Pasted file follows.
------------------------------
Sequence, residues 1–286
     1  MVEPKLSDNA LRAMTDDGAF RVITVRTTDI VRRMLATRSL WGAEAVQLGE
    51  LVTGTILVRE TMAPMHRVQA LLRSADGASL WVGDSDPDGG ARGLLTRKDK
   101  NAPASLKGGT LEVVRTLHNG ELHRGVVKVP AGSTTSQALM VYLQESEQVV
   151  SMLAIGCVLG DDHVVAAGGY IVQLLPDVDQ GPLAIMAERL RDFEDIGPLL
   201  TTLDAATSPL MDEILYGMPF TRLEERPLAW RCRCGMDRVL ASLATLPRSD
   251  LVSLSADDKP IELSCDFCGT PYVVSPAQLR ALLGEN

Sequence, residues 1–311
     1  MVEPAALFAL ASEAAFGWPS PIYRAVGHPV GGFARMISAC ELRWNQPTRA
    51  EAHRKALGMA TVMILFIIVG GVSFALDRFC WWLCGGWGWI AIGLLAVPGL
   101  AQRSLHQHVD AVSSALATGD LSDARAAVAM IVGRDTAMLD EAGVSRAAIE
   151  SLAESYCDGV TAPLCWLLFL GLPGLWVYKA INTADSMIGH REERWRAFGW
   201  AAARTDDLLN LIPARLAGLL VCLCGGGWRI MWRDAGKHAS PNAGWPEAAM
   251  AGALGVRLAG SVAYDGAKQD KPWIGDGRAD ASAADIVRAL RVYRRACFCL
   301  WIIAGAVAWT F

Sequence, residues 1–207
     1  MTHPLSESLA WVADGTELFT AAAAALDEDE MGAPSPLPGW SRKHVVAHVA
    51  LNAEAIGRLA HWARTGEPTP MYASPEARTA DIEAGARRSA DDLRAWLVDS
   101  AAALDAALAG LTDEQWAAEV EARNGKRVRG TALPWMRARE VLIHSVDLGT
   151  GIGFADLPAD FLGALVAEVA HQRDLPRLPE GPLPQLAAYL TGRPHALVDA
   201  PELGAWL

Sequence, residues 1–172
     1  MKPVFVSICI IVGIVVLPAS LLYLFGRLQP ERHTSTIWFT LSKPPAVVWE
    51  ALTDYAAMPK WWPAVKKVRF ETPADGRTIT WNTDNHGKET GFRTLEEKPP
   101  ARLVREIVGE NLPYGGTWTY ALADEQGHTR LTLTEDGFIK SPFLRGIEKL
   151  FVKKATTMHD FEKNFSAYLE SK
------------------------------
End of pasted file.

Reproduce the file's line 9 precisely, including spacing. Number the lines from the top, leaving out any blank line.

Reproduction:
     1  MVEPAALFAL ASEAAFGWPS PIYRAVGHPV GGFARMISAC ELRWNQPTRA